The National Health Performance Authority began operations in 2012 as an independent body to provide locally relevant and nationally consistent information on the performance of hospitals and other health care organisations.
This report, the Authority’s second, allows for the first time the public, clinicians and health managers to see results for both use and experience of GP care at a local level.
For most measures, the results are broken down into the 61 geographic areas that are covered by the new network of Medicare Locals, which were set up in 2011 to improve responsiveness, co-ordination and integration of health services. Where possible, results are broken down by still smaller geographic areas.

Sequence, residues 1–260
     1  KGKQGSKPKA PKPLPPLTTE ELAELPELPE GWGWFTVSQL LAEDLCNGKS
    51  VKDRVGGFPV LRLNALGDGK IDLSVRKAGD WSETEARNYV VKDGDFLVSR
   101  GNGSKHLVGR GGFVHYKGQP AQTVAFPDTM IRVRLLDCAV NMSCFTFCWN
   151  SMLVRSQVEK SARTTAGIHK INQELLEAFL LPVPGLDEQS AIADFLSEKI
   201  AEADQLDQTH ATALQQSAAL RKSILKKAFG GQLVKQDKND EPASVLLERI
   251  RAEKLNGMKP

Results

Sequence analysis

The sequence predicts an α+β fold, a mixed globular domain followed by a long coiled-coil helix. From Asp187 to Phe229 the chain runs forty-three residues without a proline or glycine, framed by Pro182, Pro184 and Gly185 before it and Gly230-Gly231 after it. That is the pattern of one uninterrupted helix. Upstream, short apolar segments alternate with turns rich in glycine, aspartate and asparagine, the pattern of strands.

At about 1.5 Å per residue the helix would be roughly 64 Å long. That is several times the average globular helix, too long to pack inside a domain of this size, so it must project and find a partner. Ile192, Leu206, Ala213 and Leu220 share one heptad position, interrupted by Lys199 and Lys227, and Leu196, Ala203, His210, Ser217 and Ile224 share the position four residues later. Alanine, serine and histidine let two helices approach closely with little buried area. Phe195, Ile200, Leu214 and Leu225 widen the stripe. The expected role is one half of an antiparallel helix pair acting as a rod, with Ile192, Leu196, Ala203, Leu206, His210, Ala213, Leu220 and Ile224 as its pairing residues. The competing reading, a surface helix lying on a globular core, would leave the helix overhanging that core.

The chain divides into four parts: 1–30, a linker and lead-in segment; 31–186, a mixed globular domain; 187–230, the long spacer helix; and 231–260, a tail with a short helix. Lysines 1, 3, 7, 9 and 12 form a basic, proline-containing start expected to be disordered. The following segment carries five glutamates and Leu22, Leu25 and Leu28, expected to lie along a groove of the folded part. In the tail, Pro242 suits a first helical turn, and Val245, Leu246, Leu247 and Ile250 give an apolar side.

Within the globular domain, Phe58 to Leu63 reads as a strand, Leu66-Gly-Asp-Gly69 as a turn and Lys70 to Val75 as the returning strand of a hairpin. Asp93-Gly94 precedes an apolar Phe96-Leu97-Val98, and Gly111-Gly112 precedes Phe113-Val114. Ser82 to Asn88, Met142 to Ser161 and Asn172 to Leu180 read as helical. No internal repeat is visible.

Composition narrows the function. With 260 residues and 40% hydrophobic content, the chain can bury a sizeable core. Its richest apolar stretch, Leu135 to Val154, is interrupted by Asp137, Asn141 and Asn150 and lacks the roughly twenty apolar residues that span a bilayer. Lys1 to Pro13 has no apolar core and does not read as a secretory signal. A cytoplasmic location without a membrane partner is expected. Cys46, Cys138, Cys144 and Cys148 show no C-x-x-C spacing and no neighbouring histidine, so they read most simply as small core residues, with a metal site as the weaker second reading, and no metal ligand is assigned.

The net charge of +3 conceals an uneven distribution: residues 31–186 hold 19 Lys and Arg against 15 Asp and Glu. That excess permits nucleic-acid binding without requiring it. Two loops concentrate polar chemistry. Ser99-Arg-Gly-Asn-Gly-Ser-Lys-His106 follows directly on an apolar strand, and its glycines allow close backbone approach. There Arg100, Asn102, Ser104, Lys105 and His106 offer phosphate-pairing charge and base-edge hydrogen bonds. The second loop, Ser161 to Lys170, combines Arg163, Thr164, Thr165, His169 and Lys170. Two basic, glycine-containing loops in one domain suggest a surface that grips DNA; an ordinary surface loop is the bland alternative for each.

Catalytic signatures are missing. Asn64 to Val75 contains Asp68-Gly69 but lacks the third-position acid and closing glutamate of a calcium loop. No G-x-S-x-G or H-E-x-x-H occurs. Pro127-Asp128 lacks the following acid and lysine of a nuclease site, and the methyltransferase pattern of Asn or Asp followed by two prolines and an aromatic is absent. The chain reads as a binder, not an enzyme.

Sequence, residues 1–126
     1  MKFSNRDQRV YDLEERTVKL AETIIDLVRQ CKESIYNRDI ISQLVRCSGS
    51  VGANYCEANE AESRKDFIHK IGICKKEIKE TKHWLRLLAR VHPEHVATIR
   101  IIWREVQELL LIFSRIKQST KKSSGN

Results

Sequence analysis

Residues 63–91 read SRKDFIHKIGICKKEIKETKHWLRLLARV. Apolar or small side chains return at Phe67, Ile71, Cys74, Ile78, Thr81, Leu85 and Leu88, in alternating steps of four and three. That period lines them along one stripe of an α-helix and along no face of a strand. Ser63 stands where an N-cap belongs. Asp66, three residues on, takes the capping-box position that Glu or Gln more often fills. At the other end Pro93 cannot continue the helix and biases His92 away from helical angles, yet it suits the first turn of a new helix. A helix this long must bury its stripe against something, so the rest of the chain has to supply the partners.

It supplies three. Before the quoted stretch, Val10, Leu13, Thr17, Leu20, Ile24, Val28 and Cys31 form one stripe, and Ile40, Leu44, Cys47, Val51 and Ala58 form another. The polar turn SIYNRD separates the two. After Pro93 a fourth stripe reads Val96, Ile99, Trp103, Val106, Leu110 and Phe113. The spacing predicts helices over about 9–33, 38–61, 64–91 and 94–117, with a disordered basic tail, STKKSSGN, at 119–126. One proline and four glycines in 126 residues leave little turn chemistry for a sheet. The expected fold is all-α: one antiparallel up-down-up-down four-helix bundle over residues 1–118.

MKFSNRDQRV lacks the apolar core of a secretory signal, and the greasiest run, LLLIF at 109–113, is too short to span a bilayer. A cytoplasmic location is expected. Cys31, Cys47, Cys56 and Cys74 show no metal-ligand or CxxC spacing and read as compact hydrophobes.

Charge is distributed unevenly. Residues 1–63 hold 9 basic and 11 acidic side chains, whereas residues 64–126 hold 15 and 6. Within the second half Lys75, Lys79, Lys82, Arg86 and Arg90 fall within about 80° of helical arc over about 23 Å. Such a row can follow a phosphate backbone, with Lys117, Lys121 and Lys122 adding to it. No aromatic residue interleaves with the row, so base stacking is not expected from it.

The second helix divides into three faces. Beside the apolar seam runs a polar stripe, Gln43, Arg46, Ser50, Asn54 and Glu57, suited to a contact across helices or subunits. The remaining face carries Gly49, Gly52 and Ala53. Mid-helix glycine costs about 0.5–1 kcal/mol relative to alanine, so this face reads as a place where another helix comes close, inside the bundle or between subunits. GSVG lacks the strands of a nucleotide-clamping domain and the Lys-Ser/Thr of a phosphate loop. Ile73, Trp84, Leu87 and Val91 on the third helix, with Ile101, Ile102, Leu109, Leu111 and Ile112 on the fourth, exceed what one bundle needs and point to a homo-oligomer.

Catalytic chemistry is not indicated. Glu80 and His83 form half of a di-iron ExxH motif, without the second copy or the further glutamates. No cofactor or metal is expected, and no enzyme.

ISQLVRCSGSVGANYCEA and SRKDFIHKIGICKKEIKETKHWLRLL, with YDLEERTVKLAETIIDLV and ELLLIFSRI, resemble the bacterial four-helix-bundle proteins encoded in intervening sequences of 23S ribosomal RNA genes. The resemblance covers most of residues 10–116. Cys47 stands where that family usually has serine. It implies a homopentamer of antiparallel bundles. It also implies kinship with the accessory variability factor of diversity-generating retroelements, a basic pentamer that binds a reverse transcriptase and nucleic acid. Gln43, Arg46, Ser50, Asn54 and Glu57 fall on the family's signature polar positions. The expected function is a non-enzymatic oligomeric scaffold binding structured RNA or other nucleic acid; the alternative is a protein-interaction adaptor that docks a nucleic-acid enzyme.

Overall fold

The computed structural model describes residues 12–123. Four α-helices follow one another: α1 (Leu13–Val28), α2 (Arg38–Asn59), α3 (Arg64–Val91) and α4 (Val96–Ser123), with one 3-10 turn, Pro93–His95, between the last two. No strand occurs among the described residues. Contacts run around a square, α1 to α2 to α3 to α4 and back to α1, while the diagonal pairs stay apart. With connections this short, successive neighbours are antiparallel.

The report’s findings, largely based on interviews with nearly 27,000 adults, show that where people live makes a big difference both to their perceived heath status and to perceived experiences of care.
However, the findings also show that when patients do get in to see a GP, their perceptions of care can be quite positive.
This report examines use, patient experiences and the perceived health of populations living in each Medicare Local area against a range of indicators, including:
- GP attendances
- Measures of patient experiences
- Wait times for GP services
- After-hours GP service utilisation.
All of these data are linked to Medicare Local areas on the basis of where the patient lives, rather than the location where a health service is delivered.
Most data in this report were collected before Medicare Locals were set up. The value of these findings is that they provide a baseline at a lower level of geographic detail. This will be important over time in allowing clinicians and health managers to see what impact they are having in improving health care in their respective areas.